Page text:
Australian Cricketers Association’s chairman Greg Dyer has slammed the national board’s “slash and burn approach” to combat the impact of the coronavirus pandemic, saying it will “have disastrous long-term consequences on the health of the game”.

Under immense financial stress, Cricket Australia has put 80% of its staff on 20% salary till end of June, while a handful of others, including the executives, remained on 80% pay to cope up with the challenges posed by the pandemic.

The decision saved the board Australian $3 million, which was slammed by critics due to the fact that CA had some Australian $90 million in reserves at the end of March (2020), including 36 million in stock investments.

Dyer also questioned the board’s financial policy, saying the game has “yet to experience a significant negative revenue event”.

“It saddens me, that for the game that I have loved my whole life, cricket’s response to the Covid-19 pandemic is risking an opportunity lost,” Dyer said in an article posted on the ACA website.

“Given the game is so far yet to experience a significant negative revenue event associated with the pandemic, it should be in a relatively strong financial position, particularly relative to the winter sports, and with the benefit of time should emerge with a distinct advantage to other sports who’ve been caught directly in Covid’s crosshairs.”

The former Test wicketkeeper feels this is the right time to improve the game. “Now is not the time to diminish the game but instead... to seize the moment and improve it,”he said.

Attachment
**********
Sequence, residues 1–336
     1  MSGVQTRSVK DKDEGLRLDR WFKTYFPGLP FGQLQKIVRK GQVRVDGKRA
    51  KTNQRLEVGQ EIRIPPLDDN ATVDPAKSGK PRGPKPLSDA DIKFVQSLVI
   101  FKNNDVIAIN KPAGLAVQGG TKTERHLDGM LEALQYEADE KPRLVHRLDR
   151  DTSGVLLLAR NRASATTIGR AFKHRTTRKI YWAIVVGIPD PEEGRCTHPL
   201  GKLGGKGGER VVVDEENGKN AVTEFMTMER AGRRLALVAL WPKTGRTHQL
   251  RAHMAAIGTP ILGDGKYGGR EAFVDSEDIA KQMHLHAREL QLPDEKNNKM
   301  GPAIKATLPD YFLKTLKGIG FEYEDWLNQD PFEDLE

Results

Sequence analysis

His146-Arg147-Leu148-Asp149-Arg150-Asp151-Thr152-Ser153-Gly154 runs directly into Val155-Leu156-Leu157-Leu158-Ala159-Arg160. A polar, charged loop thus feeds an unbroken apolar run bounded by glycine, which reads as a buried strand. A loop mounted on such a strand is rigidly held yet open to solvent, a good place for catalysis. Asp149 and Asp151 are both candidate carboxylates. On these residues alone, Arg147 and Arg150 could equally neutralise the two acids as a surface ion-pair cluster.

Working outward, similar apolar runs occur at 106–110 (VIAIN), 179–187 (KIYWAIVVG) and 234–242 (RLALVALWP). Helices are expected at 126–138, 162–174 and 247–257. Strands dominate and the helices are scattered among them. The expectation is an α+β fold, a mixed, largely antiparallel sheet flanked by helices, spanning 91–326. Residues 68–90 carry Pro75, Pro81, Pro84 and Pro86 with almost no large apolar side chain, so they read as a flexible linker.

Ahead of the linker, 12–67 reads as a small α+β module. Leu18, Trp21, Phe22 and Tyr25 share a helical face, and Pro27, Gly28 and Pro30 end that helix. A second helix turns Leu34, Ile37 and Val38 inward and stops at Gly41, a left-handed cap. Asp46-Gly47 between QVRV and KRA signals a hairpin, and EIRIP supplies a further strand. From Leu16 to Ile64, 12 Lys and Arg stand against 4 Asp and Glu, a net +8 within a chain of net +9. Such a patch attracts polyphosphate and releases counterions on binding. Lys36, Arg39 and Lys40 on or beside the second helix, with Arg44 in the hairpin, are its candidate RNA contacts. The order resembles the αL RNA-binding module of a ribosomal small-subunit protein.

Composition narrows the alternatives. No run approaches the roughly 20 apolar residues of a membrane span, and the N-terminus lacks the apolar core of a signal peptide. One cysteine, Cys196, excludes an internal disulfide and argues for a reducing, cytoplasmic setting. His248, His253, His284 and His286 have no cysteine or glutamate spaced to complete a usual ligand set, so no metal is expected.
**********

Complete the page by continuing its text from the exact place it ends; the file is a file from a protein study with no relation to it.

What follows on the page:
CA is also urging state associations to accept a 25% pay cut and Dyer feels there is something “horribly wrong” with the current model.

“That at the first sign of a headwind, states are being asked to take significant cuts, which are in turn filtering down to local cricket, suggests that something is horribly wrong with the current model.”

He cautioned CA against its current approach which, according to Dyer, will have disastrous long-term consequences.

“This is a critical time for the game it can either take the approach of looking to cut as many so-called ‘costs’ as it can from its balance sheet, something that will have disastrous long-term consequences on the health of the game; or it can realign so that the game’s partners (actually, its ‘shareholders’ - the states) have greater voice and autonomy than the mere ‘subsidiaries’ they currently resemble.”

CA is looking at a staggering Australian $300 million loss if the India Tour in October doesn’t go ahead due to the coronavirus. There is also the T20 World cup which Australia is scheduled to host in October-November.